As an attacking threat, the Bosnian-midfielder outdoes McLean; however, McLean completed an average of 49.2 passes a game last season, compared to Mario’s less-than-stellar 29.9. Kenny also boasts a successful pass rate of 82%, which again tops Mario’s 78.6%. When you consider Farke’s style of play, it is understandable why he would favour McLean. Norwich are known for their passing style, which includes playing out from the back and slowly building up to attacks. It’s a style of play that won the league for Norwich last season, and the stats would suggest that McLean’s passing is integral to this. Norwich stuck to their philosophy at Anfield, and it showed some merit despite the result, as is evident in the build-up to Pukki’s second-half goal. Farke intends to continue this style of play, even when facing the rapid, high pressing of the European Champions, so McLean could be a crucial cog in the machine this season.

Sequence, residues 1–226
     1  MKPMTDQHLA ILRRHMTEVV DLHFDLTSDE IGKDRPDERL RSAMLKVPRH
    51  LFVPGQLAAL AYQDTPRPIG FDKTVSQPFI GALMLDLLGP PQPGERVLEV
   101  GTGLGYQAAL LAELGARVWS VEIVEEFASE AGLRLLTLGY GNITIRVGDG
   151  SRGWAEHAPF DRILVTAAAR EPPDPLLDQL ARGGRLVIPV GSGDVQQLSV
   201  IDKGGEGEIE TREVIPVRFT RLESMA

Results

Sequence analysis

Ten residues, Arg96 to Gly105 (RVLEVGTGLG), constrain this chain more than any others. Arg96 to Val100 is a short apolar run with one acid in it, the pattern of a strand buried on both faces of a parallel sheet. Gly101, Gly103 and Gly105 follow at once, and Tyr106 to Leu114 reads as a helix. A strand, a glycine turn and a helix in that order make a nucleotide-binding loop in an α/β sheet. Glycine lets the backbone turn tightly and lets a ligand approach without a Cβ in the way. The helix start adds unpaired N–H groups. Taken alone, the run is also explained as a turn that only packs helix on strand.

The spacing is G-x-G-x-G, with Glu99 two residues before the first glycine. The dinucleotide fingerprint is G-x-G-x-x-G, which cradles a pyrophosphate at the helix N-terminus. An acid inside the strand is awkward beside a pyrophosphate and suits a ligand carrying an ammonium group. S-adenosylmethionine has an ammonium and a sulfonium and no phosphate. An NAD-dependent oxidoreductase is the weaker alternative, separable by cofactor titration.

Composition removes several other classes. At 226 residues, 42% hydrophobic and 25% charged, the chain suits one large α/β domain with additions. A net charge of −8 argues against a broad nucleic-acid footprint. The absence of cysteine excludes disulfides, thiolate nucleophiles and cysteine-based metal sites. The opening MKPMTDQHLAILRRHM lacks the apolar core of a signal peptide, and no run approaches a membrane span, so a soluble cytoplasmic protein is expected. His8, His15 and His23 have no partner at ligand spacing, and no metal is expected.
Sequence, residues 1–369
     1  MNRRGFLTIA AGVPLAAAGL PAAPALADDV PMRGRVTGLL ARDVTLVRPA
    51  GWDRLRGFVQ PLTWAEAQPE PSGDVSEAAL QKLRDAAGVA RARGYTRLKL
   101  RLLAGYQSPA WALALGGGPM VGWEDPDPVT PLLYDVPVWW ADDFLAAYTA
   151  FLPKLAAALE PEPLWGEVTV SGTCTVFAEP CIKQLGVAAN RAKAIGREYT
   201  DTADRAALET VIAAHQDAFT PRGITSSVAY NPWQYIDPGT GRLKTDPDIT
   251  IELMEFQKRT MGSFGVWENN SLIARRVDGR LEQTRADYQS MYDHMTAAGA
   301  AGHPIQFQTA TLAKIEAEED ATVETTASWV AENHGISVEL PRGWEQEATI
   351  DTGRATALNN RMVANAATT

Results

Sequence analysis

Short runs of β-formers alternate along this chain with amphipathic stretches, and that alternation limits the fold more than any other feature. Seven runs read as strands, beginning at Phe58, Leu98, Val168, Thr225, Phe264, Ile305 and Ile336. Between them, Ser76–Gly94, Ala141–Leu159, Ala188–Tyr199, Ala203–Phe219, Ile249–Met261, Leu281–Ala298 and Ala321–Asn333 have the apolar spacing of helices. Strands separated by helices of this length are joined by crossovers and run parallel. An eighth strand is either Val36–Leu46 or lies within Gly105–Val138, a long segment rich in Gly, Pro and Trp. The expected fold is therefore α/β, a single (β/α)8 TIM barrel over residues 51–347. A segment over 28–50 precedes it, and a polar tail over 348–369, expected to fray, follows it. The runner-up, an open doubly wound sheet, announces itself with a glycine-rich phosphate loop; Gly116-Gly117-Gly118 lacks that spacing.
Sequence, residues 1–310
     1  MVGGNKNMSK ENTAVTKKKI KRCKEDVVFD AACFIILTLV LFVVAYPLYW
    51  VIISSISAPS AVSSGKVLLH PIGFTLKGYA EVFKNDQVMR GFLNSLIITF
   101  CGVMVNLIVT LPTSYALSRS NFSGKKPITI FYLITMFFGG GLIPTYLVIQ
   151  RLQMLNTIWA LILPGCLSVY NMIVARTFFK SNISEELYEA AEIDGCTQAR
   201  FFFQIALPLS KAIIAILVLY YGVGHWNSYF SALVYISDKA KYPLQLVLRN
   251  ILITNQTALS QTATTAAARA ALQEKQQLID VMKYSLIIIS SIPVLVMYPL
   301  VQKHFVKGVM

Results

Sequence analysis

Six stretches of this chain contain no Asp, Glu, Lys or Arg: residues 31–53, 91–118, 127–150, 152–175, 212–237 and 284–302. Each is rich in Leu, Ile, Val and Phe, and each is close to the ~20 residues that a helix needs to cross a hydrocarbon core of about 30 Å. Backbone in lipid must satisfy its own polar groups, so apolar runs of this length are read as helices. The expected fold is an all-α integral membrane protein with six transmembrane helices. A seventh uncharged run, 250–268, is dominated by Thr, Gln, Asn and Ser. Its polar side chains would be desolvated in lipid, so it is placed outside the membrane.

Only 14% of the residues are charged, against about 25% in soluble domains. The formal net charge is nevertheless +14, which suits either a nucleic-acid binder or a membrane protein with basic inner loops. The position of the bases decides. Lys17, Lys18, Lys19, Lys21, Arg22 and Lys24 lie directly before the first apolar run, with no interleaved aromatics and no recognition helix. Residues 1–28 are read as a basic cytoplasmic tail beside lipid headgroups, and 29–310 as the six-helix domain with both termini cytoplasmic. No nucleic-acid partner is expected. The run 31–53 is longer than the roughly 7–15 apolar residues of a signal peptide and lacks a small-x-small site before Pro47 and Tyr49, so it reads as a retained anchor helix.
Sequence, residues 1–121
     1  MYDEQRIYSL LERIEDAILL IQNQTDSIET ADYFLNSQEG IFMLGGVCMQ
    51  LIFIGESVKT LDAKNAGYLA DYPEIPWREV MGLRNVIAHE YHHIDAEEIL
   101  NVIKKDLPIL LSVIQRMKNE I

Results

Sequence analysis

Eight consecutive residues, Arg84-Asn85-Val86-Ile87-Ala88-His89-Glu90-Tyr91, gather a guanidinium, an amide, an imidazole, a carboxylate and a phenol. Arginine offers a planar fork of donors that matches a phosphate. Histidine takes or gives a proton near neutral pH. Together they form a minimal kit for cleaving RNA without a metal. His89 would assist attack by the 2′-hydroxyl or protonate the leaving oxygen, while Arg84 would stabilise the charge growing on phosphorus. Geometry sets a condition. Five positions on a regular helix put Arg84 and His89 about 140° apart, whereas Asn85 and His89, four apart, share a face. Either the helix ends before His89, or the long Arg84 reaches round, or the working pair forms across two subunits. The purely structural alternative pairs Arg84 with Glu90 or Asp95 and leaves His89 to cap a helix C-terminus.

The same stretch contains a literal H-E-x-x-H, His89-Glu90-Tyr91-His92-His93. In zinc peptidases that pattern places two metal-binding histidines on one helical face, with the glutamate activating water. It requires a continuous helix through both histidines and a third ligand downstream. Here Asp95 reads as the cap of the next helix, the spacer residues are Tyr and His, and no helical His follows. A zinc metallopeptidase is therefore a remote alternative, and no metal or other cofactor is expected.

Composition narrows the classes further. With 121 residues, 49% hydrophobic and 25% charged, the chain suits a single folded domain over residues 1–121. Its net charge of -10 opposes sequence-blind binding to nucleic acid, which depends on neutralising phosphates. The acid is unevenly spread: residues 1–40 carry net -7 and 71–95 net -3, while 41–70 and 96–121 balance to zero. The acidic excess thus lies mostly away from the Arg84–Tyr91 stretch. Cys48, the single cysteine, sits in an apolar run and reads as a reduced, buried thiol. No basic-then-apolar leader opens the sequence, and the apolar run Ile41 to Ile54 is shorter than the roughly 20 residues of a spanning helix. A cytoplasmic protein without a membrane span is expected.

However, if the passing attributes are that crucial, then ex-Dortmund midfielder Leitner will certainly be pushing hard for his spot in the team, who had a successful pass rate of 85.7% last season, ranking him third behind Trybull and Godfrey. Not only is his success rate higher than McLean, but he also completed 51.2 passes a game, compared to McLean’s 49.2 a game. Statistically, Moritz and Kenny are not far apart from each other in the slightest, many of the passing stats are very close, however, Moritz just beats him in every instance. Leitner is regarded as a quality player by many Norwich fans, his experience playing 46 games for Borrusia Dortmund speaks for itself, and his composure on the ball is top class. Not only that, but his presence made a significant impact at Anfield, his presence was commanding and comforting.
Farke is certainly going to be having headaches over the coming weeks as to who should start in the Norwich City midfield. There are significant positives to each Leitner, Vrancic, and McLean, as well as some negatives to each of their playstyles. And so, as fans, we must back whoever gets the nod and trust the judgement of Daniel Farke.
(All stats collected from WhoScored.com and Transfermarkt.com)